Revisiting default values

Peter Levart peter.levart at
Sun Aug 2 16:08:51 UTC 2020


On 7/28/20 9:06 PM, Brian Goetz wrote:
> I think what we need for Bucket 3 (which I think we agree is more 
> important than Bucket 2) is to (optionally, only for NGD inline 
> classes) restore parity with reference types by ensuring that the 
> receiver of a method invocation is never seen to be the default 
> value.  (We already do this for reference types; we NPE before the 
> dispatch would succeed.)   And the strategies we've been kicking 
> around have ranged from "try to prevent the default from showing up in 
> the heap" to "detect when the default shows at various times."
> If the important point in time is method dispatch, then we can 
> probably simplify to:
>  - Let some classes mark themselves as NGD (no good default)
>  - At the point of invocation of an NGD instance method, check the 
> receiver against the default, throw NPE if it is
>  - Optionally, try to optimize this check by identifying (manually or 
> automatically) a pivot field
> Note that even an unoptimized check is probably pretty fast already: 
> "are all the bits zero."  But we can probably often optimize down to a 
> single-word comparison to zero.
> Note too that we can implement this check in either generated bytecode 
> or in the VM; the semantics are the same, the latter is more secure. 

I can understand that automatic runtime prevention of invoking instance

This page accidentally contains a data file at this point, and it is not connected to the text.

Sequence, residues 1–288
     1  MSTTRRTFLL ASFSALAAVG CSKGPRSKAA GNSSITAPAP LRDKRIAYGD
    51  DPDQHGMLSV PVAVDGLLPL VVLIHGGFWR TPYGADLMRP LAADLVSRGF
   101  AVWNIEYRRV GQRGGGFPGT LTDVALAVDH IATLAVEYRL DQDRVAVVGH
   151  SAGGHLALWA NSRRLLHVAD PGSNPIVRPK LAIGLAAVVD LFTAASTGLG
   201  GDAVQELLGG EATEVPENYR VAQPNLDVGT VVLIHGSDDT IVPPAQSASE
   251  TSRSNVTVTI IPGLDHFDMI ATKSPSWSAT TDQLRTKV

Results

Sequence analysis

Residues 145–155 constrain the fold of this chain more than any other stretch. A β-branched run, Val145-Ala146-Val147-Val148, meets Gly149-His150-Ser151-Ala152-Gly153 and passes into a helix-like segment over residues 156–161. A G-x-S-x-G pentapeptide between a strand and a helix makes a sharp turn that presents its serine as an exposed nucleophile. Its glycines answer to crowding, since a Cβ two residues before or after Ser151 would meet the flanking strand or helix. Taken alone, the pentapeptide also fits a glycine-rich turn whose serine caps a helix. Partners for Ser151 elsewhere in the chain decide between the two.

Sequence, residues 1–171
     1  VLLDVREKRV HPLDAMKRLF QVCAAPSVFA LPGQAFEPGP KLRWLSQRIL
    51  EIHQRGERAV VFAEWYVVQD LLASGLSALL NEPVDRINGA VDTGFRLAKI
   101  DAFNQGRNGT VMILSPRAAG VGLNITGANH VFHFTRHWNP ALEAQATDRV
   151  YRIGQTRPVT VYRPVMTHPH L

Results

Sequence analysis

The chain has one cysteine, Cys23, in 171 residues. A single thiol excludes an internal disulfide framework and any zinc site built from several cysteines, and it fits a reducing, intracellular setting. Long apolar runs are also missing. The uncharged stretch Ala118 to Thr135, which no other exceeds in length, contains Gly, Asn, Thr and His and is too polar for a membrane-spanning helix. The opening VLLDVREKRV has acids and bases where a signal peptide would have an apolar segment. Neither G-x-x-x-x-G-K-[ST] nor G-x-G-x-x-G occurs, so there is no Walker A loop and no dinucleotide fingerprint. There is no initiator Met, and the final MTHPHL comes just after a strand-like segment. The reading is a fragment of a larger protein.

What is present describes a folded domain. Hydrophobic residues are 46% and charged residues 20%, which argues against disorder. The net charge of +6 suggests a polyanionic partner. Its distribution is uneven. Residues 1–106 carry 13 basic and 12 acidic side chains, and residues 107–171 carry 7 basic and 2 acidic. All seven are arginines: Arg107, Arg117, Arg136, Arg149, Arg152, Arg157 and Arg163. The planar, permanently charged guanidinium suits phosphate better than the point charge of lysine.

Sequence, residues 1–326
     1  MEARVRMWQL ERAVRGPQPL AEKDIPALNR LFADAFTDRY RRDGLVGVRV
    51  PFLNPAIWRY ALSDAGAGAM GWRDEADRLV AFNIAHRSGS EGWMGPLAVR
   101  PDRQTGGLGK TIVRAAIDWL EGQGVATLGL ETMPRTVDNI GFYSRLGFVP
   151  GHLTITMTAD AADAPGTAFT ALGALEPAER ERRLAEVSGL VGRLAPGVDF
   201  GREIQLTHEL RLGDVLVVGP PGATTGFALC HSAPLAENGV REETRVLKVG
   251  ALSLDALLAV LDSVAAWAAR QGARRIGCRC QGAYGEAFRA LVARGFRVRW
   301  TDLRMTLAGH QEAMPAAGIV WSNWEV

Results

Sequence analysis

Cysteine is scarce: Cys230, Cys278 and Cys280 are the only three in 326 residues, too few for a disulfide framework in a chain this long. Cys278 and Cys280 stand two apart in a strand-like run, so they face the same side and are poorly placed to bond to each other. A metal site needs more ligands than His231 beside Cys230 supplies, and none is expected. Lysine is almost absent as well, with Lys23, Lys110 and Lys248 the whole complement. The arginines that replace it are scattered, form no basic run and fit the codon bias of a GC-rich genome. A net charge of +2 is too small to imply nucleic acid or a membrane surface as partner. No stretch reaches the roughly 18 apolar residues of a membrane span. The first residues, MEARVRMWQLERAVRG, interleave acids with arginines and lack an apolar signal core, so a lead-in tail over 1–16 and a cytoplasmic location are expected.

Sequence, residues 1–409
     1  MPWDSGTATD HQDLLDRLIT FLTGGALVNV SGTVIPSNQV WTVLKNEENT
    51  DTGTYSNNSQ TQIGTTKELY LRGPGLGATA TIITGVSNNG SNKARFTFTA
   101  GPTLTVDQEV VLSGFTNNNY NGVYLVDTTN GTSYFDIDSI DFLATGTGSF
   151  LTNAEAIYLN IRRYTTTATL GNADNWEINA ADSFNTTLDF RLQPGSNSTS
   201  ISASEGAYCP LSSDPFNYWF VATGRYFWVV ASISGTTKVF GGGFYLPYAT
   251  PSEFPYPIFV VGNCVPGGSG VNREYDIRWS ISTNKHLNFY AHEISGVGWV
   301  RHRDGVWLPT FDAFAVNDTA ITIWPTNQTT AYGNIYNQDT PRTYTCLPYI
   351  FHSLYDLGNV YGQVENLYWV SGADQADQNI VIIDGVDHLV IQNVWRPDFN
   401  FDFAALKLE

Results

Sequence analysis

methods with default (all zero) object is important for fail-fast 
behavior. It is almost like invoking methods with identity typed 
parameters where null values are not valid parameters. We use 
Objects.requireNonNull() to check for such parameters at the beginning 
of such methods. So NGD classes could be designed such that they 
encapsulate all fields and explicitly check for absence of all-zero 
"this" value at the beginning of methods.
People want to simplify such tedious repetitive coding so they make 
frameworks that turn @NonNull annotations on method parameters into 
non-null checks at the top of the method. I can imagine a javac plugin 
could insert checks in all (non-private only?) instance methods when an 
inline class is marked with @NGD for example. Or this could be baked 
into Java language. In either case I think it is a matter of the inline 
class bytecode and not the code doing invocation (the call site). So it 
is safe by itself. Or am I missing something?

Regards, Peter

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